In the production of soda pulp there is carbon charcoal Waste amounting to approximately 10% of the weight of the pulp produced. This charcoal contains about 10% of mineral substances, mostly calcium, which if treated by an acid would result in an activated char. I propose the mixing of this waste char With the Waste lime sludge and the simultaneous acid treatment and activation of this char with the formation of illterable calcium bi-suliite and an activated, adsorbent or absorbent carbon or char, which may be used as a decolorizing agent or for other Well known purposes for which activated carbons are used.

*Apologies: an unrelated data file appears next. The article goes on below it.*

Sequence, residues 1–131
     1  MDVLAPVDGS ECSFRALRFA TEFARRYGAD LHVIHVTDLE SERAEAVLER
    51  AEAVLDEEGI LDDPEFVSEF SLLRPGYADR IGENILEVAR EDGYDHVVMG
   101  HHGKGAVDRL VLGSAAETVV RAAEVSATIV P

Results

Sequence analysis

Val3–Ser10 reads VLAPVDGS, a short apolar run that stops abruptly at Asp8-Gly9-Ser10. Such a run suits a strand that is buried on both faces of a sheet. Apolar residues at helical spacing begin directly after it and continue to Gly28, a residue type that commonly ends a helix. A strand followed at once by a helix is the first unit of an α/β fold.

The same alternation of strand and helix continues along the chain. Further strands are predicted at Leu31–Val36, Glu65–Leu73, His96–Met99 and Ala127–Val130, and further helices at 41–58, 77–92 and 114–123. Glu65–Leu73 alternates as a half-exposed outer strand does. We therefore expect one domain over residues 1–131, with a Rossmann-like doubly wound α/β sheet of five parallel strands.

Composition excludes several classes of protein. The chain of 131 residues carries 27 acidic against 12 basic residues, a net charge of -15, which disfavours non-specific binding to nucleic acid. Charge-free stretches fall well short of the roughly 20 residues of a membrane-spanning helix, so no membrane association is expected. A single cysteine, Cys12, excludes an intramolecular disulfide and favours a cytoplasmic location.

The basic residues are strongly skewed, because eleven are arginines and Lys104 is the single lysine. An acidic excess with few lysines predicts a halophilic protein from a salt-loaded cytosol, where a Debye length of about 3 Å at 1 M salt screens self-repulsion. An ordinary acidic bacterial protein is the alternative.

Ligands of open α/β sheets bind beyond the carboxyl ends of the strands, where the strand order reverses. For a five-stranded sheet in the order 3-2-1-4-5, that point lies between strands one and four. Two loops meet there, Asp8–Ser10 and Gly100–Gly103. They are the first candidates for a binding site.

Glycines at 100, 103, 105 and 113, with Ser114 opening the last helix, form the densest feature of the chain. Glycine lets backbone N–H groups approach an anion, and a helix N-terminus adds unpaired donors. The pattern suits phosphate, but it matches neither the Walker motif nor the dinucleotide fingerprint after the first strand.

Fig. 4 shows by Way of flow chart, the production of the sulflte pigment or filler together with activated char. The sulfurous acid is delivered to the absorption tower and the calcium carbonate with waste char are also delivered theretto. The carbon dioxide gas produced by the reaction is passed off, and the bi-suliite and char are filtered off and the activated char is passed out as a product. The bi-sulfite is treated in the reaction tank with calcium hydroxide and other whitening agents, to produce the calcium sulflte pigment product.
'I'he invention also contemplates producing the calcium sulfite from the bi-sulfite by boiling the bi-sulte which will give oi SO2 gas and will deposit the sulflte. In other words, instead oi forming the bi-sulte, filtering and then forming the suliite by treating the bi-sulte with calcium hydroxide as indicated in Fig, 1, the bi-sulflte may be formed, ltered, and then the suliite thrown out from solution by boiling, and reclaiming the, SO2 gas.